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04: Permit specific devices by serial number

Use PolicyPak Device Manager to specify exactly which users can use which serial numbers of USB sticks and DVD devices. This way, you issue the device, and you know EXACTLY who has USB Read/ Read/Write or Full access.

In a previous video, you saw me limit which USB sticks are allowed by USB vendor type. The problem, however, even though it works great when you give the correct USB sticks to your end users, is that if they do end up with a USB stick that’s not theirs but does match the vendor type, like this one I found in the parking lot, what happens then? It still lets me do naughty, naughty things that I shouldn’t be able to do because you said it was okay to open it up by vendor. Instead of opening up by vendor, why don’t we open it up only by serial number? Let’s get rid of this rule. We’ll say goodbye to this rule for a second. Now we’re putting the smackdown on absolutely everything. We’ll go back to our endpoint. We’ll run gpupdate.

Now the smackdown should be on on all sticks, and let’s stick in our – let’s go ahead and stick in our evil USB stick first and then our good USB stick second. This is the evil USB stick. When we do, we see this evil USB stick, we can see that it – even though it matches the product and vendor, the serial number is unique here. Let’s go ahead and put in our good USB stick, the one that has – that we’ve provided from the IT team. Let’s go ahead and put that in. What do we see here? We see this serial number ends in 611. That’s the good one. The one that ends in 611 has all the good stuff in it. What we’re going to do is take this line, called the Device Instance Path. Let’s go ahead and copy that.

We’ll go to the rule. We’ll create a New Policy here and let’s say Allow users to use specific devices, not by Vendor ID, but if you opt into the PolicyPak Device Manager COMPLETE edition, that enables you to do this magic trick, which is to allow list by device serial numbers. I’m going to paste it in, click Add, there’s the serial number, 611, and now we can dictate who can use this one. If I want a particular user or if you want to share it amongst a group, that might be okay. Dictate the user or the group and what permission access they have. This is very particular. This is saying this user has this access for this particular serial number, and that’s it.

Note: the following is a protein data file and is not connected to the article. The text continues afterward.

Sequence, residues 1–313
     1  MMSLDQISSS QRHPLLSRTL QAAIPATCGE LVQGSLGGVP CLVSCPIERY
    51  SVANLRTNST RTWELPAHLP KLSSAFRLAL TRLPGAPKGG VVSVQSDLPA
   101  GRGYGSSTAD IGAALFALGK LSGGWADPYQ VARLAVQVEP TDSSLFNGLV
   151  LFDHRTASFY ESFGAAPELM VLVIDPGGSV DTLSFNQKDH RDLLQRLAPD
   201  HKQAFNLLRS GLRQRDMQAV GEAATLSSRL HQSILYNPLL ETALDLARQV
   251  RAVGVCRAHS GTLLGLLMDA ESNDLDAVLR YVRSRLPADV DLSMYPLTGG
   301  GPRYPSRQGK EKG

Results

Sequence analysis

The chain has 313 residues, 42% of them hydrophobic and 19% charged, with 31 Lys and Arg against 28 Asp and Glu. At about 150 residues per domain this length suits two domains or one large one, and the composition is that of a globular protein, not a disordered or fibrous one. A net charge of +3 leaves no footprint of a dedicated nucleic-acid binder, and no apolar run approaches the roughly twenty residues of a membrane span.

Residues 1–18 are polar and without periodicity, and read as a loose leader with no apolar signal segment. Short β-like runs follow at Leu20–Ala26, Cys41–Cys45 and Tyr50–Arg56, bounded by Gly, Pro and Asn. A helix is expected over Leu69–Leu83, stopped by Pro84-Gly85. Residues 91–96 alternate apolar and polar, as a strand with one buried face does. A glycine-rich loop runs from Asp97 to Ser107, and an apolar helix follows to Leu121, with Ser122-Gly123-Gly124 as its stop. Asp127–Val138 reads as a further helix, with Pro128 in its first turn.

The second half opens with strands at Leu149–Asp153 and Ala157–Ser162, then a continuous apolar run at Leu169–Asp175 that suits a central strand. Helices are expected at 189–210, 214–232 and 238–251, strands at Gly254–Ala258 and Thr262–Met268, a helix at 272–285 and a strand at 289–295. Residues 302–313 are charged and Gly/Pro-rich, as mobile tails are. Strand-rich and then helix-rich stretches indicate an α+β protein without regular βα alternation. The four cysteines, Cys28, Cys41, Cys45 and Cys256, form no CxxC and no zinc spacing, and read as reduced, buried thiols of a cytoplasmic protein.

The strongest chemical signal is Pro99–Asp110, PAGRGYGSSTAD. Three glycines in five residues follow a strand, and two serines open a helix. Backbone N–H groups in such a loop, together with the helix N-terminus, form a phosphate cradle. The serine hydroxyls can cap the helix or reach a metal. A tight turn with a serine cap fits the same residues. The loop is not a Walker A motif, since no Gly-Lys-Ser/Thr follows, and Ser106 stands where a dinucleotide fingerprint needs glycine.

Let’s go ahead and do an AB test. I’ll go ahead and take out the good one. I’ll run gpupdate. Alright, I’ll run gpupdate here. Give this a second to catch up. Now, I’ll put in the evil USB stick, the one I found in the parking lot. Let’s see what happens. It’s blocked. I can’t do anything here. Read No, Write No, Execute No. Just to prove a point here, you can see the serial number’s not 611. If I were to put in – just see what I can see here in Windows land here. If I were to take a look and try to be evil and do some malware stuff, what happens? Not letting me do that. I can’t right-click and open it in Notepad. I’m blocked here, which is exactly what I want. This is not a sanctioned device, but if I were to put in – if I were to put in the good USB stick that I did sanction with the 611 as the serial number, what do we get? We don’t get any pop-ups because it is allowed, and if we want to do full control on it because those are the rights that we provided, it just works the way we expect. There is my PDF. If I were to try to copy it to the desktop, I’m good to go, and that’s it.

With PolicyPak Device Manager, you’re in charge. You can let particular user do whatever they want, you can hammer – put the hammer down based upon a device type, or you can really put the screws it by dictating it by serial number. You can decide which is the most important way for you to get the job accomplished, and hope this tool helps you out. Thank you very much. Talk to you soon.

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  • 18-Jan-2022
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